Instead of giving out free products and asking attendees to meet with event speakers (as in a live event), Bornstein’s team decided to offer interactive digital content options to keep audiences engaged in their virtual environment.

interactive virtual events
Source: Mark Bornstein

There are many interactive technologies available, so marketers would be wise to incorporate them into virtual events. The key differentiator between boring and engaging events may lie in the way they bring viewers into the experience.

“The smart marketers out there are not building virtual events to be presentations,” said Bornstein. “They’re building virtual events as real experiences.”

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3 ways to optimize first-party data collection First-party data is more important than ever in a digital-first world. screenshot-thirddoorevents-production.sfo2_.cdn_.digitaloceanspaces.com-2022.05.09-10_28_14 screenshot-thirddoorevents-production.sfo2_.cdn_.digitaloceanspaces.com-2022.05.09-10_25_35 screenshot-thirddoorevents-production.sfo2_.cdn_.digitaloceanspaces.com-2022.05.09-10_27_01
Cord cutting gains steam after 4% drop last year https://martech.org/cord-cutting-gains-steam-after-4-drop-last-year/ Mon, 09 May 2022 15:48:13 +0000 https://martech.org/?p=352242 US cable subscriptions down by 30 million since 2020.

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Cord cutting is gaining steam again, with 30% of US cable users saying it’s likely they will end their subscriptions in the next six months. That’s up from 26% last year and about the same as in 2020, according to a new poll from YouGov.

Cable subscriptions down. Overall, there are about 30 million fewer cable subscribers in the US this year than in 2020 where there were slightly more 140 million. People who have both cable and OTT subscriptions are the largest segment of US TV viewers at 32%. Next up are the cord cutters who are 19%, then 13% who only have cable and 11% who subscribe to streaming services but never had cable.

Read next: Cable TV subscriptions set to drop below 50% of all US households

Top streamers. For all the hand-wringing (and stock-price falling) about the drop in Netflix subscriptions, the company still has 63% of the US streaming market, followed by YouTube (44%), Hulu (42%) and Amazon Prime (39%). Fast-growing Disney+ has 27%. And you know YouTube’s pop-up ads for its TV service? Apparently they’re not doing the trick, as only 9% of viewers have signed on.

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Live TV. The pandemic has been hard on live TV. There’s been an 11% drop since 2018, with only 79% of Americans now saying they watch it at least once a week. That’s nearly tied with on-demand, which jumped from 68% four years ago to 78% in 2021.

Netflix news. Other good news/bad news for Netflix from the survey: Only 25% of Americans say they share passwords for streaming services. That’s pretty good, considering 36% say it’s OK. On the other hand, the company had only two of the top 10 most popular new series last year, while Disney + had six. CBS and The CW had the other two.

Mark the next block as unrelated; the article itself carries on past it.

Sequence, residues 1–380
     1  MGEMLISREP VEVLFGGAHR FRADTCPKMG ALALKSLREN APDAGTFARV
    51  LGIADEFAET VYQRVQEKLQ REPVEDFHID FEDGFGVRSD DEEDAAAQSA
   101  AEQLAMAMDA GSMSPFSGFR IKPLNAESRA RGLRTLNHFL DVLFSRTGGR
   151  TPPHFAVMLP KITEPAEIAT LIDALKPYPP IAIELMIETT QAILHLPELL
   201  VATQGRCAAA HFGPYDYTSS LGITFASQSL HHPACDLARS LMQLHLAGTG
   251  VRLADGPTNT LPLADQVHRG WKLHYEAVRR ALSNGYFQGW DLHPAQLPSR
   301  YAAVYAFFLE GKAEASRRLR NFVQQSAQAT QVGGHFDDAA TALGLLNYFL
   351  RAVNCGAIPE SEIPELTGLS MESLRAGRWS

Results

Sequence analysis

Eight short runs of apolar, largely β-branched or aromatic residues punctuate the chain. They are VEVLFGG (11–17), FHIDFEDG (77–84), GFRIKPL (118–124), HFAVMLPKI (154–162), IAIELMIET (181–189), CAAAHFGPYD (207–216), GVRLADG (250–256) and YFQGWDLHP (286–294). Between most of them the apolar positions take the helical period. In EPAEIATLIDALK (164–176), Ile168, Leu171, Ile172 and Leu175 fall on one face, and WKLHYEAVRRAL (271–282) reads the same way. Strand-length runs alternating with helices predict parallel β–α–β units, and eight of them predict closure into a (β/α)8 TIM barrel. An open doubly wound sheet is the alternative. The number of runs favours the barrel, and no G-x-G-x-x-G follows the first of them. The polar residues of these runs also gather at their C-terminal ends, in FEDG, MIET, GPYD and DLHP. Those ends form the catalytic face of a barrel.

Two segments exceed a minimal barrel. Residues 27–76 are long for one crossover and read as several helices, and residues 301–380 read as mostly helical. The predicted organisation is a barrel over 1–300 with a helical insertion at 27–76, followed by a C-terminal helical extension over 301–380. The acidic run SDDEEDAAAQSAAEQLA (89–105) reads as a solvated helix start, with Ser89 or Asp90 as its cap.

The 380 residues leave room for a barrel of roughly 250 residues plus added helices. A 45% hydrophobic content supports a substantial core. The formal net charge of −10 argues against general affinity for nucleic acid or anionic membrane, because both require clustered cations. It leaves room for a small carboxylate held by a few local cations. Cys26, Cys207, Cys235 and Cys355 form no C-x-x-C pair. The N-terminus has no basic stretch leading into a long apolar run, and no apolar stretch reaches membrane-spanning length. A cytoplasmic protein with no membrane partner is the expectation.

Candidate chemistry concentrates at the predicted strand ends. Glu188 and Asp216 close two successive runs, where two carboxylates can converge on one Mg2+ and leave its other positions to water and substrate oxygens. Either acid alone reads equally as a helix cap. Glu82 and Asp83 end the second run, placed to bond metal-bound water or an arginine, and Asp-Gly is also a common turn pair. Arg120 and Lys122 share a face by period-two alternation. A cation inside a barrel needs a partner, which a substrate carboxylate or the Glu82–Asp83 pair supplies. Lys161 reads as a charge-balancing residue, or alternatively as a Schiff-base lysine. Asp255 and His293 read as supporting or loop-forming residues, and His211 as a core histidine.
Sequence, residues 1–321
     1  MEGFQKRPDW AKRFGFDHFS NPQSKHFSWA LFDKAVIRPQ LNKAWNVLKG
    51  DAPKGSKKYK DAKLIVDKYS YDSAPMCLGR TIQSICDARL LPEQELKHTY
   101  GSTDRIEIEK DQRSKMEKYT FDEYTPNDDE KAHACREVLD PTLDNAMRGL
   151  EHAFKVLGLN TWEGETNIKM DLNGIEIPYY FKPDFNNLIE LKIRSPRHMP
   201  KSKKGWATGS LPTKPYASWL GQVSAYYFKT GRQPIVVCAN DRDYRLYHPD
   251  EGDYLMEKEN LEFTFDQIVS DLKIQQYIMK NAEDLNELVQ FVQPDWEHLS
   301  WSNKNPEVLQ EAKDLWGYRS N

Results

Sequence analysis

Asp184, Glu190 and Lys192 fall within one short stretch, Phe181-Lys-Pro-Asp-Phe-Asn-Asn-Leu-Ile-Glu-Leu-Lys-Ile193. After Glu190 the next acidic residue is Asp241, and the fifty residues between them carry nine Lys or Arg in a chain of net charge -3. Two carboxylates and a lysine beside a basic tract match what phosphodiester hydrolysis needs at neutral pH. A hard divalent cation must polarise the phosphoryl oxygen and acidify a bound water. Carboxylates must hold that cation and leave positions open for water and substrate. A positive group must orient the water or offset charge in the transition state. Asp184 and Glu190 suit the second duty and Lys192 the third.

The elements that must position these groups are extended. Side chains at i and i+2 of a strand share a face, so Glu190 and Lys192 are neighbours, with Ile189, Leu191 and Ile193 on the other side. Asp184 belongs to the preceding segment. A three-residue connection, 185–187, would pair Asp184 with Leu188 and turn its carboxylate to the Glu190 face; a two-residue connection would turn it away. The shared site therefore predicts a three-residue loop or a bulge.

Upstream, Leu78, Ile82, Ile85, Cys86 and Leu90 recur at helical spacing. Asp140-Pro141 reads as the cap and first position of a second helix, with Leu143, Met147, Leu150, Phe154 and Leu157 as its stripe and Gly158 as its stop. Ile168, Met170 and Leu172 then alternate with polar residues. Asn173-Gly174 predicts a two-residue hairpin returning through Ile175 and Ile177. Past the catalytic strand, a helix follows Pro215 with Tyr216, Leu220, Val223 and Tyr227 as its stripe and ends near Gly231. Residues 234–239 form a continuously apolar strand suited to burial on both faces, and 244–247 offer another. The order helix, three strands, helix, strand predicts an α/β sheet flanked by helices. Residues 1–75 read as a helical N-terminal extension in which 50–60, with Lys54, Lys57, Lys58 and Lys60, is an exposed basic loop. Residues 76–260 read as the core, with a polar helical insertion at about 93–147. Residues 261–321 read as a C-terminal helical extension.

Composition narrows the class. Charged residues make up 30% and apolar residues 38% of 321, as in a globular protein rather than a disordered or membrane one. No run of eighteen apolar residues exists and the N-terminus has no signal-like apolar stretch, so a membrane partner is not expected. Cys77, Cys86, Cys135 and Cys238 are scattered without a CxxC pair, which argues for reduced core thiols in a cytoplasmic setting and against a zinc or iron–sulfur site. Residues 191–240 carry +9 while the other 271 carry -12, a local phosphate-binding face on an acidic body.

Odd fact. 8% of viewers say they enjoy watching TV/videos more when it has commercials.

Why we care. Despite slowing last year, it’s clear that cord-cutting is going to keep going. This is really bad news if you’re a cable company and really useful if you’re trying to plan your ad-spend. The 8% not above is truly an outlier, 62% of viewers say commercials make viewing less enjoyable. This is not a hopeful sign for Netflix ad-supported viewing plans.


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Here’s how startups and small companies should build their marketing stacks https://martech.org/heres-how-startups-and-small-companies-should-build-their-marketing-stacks/ Mon, 09 May 2022 15:47:41 +0000 https://martech.org/?p=352212 A guide to building your initial martech stack - the right way.

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As a startup founder in the martech industry, I’m routinely asked by other founders what should be in their marketing stack. It was also a topic of discussion during a birds-of-a-feather session at the MarTech Conference. It would be nice to respond with “acquire these ten products, and then you’ll be all set,” but unfortunately, that’s not how marketing works. Many factors impact product selection: marketing objectives, budget, composition and skills of the marketing team, and the market and competitive environment.

Startups are very different from established companies from a marketing perspective. They have no established brand position, limited personnel and little to no budget for technology. They may be entering uncharted territory by defining a new market category or jumping into an already crowded space with well-established competitors. So, where to begin?


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Marketing objectives

You can’t be successful in building your tech stack without first creating well-defined marketing objectives. You should have 3-5 high-level achievable objectives for the year (no more, or you’ll drive yourself insane). They should be aligned with the company’s business objectives and current position in the market (don’t set an objective for market leadership when you have no product or no revenue – it’s not achievable nor believable).

Here are some guidelines.

If you are entering an already established market category, your first objective should be related to positioning and differentiating the company and creating brand awareness. Creating a new market category should be about market education and socializing the new category. Do not create a new category if you don’t have to. I’ve done it twice under duress, and it requires a huge investment in market education and hard work to ensure that there is a line item for your product in your customer’s budget. In addition, if you define a new category and remain the only company in that category it is not a category. It is just a marketing description.